My toddler loves playing with the magnets on the fridge, but most of them are either too fiddly for his little fingers or too delicate for his indelicate play.
This project is a bit of a deviation from my usual long-and-involved tech-heavy Instructables, but it ended up being one of those simple ideas that just worked out really well. When I saw the "Three Ingredient Competition" it gave me the final impetus to share the project.
The TL;DR is: stick some magnets in some bath toys (tada!), but I will present a few thoughts I had on how to do it and how to ensure that they are toddler-safe at the end.
Step 1: Gather Ingredients
There are three ingredients
Find some nice bath toys that you think will appeal to your little person. Specifically look for ones that squeak, because they will have a handy hole in the bottom with a little whistle.
String Rare-Earth Magnets
The magnets need to be strong or they won't hold the toy on the fridge. I chose some 20x10x2mm NdFeB magnets, which I got from Aliexpress/DealExtreme, but you can probably get from Amazon or similar if you are feeling more rushed/less adventurous (expect shipping times of 6 weeks minimum from the Chinese "free shipping" sites).
I think it is important to make sure that the magnet is bigger than the hole, this way it is impossible for it to come out, even if the glue fails. You really don't want you toddler to swallow a powerful magnet, chances are he won't even develop any super-powers.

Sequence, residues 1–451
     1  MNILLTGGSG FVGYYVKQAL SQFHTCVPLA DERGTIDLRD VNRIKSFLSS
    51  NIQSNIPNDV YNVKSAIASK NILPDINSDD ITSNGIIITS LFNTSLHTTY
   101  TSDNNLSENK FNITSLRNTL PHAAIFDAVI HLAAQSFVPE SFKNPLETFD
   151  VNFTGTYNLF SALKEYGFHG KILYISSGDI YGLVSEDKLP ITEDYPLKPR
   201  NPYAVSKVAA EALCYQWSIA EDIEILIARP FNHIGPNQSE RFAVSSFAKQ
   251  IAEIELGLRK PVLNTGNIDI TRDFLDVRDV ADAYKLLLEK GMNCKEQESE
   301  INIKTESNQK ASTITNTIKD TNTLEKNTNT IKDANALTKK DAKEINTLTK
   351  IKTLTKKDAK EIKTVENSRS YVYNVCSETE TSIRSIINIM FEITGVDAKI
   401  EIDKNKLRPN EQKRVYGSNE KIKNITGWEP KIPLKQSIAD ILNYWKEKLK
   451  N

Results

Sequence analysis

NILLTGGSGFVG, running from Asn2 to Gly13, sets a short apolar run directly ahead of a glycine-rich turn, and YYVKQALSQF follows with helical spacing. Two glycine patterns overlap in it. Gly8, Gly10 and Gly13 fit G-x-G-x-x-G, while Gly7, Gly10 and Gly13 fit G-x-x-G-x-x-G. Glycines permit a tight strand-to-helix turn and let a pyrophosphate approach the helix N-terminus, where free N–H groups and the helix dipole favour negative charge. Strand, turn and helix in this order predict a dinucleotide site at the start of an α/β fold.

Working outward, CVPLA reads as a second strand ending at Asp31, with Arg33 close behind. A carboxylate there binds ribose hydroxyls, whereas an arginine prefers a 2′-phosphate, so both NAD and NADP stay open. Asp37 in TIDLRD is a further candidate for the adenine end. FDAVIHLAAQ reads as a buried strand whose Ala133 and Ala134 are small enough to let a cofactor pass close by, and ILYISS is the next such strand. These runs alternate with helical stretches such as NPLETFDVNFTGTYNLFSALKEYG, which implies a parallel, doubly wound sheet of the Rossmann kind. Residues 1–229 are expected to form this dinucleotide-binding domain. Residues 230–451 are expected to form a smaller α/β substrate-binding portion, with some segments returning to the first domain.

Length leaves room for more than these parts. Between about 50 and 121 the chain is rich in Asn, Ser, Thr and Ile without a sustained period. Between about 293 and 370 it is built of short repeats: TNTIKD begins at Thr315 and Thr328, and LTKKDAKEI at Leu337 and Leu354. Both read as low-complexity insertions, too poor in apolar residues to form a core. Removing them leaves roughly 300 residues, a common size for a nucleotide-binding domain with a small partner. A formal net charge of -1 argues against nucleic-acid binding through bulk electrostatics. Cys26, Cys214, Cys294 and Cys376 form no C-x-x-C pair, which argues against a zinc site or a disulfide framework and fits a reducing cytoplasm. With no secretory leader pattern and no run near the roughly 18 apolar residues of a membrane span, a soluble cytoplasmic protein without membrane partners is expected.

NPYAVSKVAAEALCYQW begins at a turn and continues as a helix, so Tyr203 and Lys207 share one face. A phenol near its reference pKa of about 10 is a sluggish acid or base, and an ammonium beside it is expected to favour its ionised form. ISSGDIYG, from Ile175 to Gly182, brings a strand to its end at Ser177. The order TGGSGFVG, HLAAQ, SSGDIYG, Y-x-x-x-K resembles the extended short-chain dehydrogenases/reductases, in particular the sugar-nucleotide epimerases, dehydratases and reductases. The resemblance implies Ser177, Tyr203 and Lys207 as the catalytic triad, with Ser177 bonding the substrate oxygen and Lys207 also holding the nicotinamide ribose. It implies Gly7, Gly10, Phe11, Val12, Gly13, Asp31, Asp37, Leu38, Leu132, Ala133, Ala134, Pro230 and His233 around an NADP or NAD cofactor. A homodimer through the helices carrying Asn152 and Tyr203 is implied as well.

I spent a whole long while looking for a glue that was food-safe for my first ones and chose "Bostik Silicone Sealant" (I have attached the datasheet where you can see that it claims to be safe).
However, the glue actually didn't stick very well inside the toys, I would recommend using hot-glue from a glue-gun. I think it is pretty safe (but make up your own mind, its your kiddo), besides, its kinda locked away inside the toy.
Step 2: Remove Squeakers
This is self explanatory, but I took the pics, so it's a step now ;-)
Step 3: Insert Magnets
We purposely chose magnets that were bigger than the holes, so they can be tricky to get in there. I used a heat-gun (a hair-dryer would work too) to warm up the toys which made them a bit more pliable.
Step 4: Glue!
Try to shake the magnets to the base of the toy, then squirt a whole lot of hot-glue through the hole all at once (you can't go too slowly or it will set before you are finished) and then stick the toy down on something metal so that the magnets are pulled into place while the glue sets. I found that the glue doesn't really stick to the plastic, but if there is enough it forms a plug that locks into the internal shapes and prevents the magnet moving around.
That's it. Now you can put them on the fridge and your toddler can ignore all your hard work and go and play with something else like mine did.